If you’re going to call someone ‘insane' or a 'psycho' as a means to deride them, to dismiss them, to treat them as less than human, maybe first you should sit down with me so I can explain to you what you are saying.
I can tell you what it was like to be helped into an ambulance as blood soaked through my jeans from a wound I didn’t even feel.
I can tell you about the girl who shook in my arms crying her way through flashbacks, and more importantly about her activism, her volunteer work, her strength in supporting her friends.
I can tell you about medications making me manic, making me numb, making me nauseous, giving me headaches, blinding me in daylight, making me forget the day of the week twice in an hour, making me lose whole days, making me gain and lose alarming amounts of weight, making me unable to come, making me sleep two hours a night or sixteen, making me miserable, and making me discover for the first time what the feeling of contentment is like.
I can tell you about one of the most giving and caring people I know eating a head of lettuce and two crackers in a week, having full-body shakes and crying in loud hiccups over a half-cup of Ensure.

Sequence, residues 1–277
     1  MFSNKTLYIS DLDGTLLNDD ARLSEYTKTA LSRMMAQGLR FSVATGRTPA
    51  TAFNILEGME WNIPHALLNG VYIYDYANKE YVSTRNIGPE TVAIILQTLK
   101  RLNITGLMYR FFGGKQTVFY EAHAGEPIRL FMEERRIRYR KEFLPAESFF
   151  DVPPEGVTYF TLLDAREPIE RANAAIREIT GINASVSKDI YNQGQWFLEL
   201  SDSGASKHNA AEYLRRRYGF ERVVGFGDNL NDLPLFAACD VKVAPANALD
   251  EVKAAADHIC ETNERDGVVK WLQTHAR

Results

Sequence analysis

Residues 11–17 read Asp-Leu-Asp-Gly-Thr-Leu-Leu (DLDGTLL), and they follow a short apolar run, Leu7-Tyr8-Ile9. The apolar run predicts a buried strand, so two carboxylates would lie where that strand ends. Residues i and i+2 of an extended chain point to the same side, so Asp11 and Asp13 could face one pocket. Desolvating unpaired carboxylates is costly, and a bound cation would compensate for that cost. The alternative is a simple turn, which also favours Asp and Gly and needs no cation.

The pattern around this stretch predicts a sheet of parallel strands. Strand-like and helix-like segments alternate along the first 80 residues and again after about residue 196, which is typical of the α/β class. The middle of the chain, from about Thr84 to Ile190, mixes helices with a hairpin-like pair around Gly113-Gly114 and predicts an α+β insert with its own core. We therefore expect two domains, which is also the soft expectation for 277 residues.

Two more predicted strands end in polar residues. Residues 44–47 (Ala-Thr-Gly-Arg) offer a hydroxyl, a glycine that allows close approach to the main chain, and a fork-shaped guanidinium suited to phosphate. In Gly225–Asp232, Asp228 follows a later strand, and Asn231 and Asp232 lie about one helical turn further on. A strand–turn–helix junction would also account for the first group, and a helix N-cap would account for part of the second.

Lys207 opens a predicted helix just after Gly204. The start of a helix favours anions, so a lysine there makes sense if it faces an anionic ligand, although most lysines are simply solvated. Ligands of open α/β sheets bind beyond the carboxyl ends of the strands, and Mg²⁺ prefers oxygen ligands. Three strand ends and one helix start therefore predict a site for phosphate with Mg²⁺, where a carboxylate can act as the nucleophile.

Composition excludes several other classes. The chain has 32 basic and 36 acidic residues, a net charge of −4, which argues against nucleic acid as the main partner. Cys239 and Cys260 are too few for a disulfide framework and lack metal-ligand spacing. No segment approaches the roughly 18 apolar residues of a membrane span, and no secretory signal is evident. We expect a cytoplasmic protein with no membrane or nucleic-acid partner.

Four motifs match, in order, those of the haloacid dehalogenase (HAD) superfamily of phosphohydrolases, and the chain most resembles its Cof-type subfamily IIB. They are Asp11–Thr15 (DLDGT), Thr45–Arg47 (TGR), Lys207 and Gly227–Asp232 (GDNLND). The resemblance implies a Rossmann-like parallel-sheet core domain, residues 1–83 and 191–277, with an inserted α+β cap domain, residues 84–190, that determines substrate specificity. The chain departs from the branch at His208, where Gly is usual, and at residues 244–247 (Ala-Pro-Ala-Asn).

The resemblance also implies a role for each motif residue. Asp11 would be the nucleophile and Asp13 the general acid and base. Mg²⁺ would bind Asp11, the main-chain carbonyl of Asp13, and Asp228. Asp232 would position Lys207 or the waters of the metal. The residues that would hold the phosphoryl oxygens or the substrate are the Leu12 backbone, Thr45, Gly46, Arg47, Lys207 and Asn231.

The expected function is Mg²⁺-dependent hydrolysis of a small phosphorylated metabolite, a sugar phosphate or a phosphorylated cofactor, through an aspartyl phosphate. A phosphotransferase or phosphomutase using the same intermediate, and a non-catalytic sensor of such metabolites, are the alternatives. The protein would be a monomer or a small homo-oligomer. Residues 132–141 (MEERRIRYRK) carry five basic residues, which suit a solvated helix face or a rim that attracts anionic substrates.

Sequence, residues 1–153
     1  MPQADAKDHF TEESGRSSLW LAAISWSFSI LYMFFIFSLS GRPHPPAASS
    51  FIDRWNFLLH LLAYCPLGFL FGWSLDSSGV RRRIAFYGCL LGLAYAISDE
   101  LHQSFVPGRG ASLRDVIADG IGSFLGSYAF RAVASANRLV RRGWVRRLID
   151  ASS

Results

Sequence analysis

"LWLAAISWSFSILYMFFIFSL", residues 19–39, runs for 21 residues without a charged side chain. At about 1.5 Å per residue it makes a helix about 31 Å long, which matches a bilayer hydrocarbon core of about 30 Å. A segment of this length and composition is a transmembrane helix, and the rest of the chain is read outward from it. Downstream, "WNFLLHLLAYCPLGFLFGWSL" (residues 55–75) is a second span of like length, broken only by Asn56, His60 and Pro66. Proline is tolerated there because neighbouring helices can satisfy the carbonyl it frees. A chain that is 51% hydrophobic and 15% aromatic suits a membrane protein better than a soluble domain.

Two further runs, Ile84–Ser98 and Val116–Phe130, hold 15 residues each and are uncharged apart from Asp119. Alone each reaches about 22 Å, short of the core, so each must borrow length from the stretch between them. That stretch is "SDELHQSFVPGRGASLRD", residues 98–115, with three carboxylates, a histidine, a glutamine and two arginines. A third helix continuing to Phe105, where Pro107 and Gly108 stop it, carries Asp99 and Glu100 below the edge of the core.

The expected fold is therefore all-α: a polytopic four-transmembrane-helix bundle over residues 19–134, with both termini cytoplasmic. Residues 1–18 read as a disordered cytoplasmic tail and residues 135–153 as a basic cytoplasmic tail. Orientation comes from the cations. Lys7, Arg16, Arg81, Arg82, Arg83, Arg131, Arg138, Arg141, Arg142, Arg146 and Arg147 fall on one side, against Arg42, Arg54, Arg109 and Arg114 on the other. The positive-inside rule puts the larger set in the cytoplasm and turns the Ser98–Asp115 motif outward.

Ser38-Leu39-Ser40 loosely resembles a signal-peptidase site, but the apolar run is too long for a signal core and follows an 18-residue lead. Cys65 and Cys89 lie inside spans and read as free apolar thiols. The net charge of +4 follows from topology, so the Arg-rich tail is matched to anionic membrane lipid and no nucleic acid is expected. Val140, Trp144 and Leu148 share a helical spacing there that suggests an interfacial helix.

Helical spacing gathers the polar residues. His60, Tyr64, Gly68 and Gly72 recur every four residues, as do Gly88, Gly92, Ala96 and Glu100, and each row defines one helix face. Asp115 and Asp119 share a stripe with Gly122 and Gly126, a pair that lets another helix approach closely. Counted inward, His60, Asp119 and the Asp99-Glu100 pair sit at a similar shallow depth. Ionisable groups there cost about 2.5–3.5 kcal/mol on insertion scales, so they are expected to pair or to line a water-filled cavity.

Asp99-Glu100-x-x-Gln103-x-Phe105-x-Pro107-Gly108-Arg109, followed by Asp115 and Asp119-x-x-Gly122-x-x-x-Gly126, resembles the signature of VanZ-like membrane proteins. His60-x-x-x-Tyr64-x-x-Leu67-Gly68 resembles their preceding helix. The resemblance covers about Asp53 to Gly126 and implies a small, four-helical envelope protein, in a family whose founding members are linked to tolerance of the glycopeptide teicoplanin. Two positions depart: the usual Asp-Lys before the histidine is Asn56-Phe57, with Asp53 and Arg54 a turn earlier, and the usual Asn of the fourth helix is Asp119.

I can tell you about the queer activist who scrapes together the money for anti-anxiety pills because there is work and the work needs to be done.
I can tell you about the schoolmate who weathered cruel jokes about her suicide attempts without blinking, who lost her shit quietly in her room in the dead of night and aced art and chemistry and mathematics by day, who watched over me like a mother bear when I was scared and alone.
I can tell you about showing up to ED group with my face and neck crosshatched with box-cutter slashes and feeling like a freak not because of that but because I wasn’t an affluent middle-aged blonde woman.
I can tell you about holding vigil, waiting to know whether a tough-as-nails girl was strong enough to survive opening both radial arteries.
I can tell you exactly how it felt to have three bags of cold saline drain into my arm through an eighteen gauge needle while I watched my heart rate hover around fifty BPM after I overdosed on painkillers and antipsychotics.
I can tell you all of these things knowing that the people in these stories are real humans, good people. Strong people, deserving of love and admiration. Not scapegoats or monkeys in a cage. Not walking diagnoses. Not monsters under the bed. Not punchlines.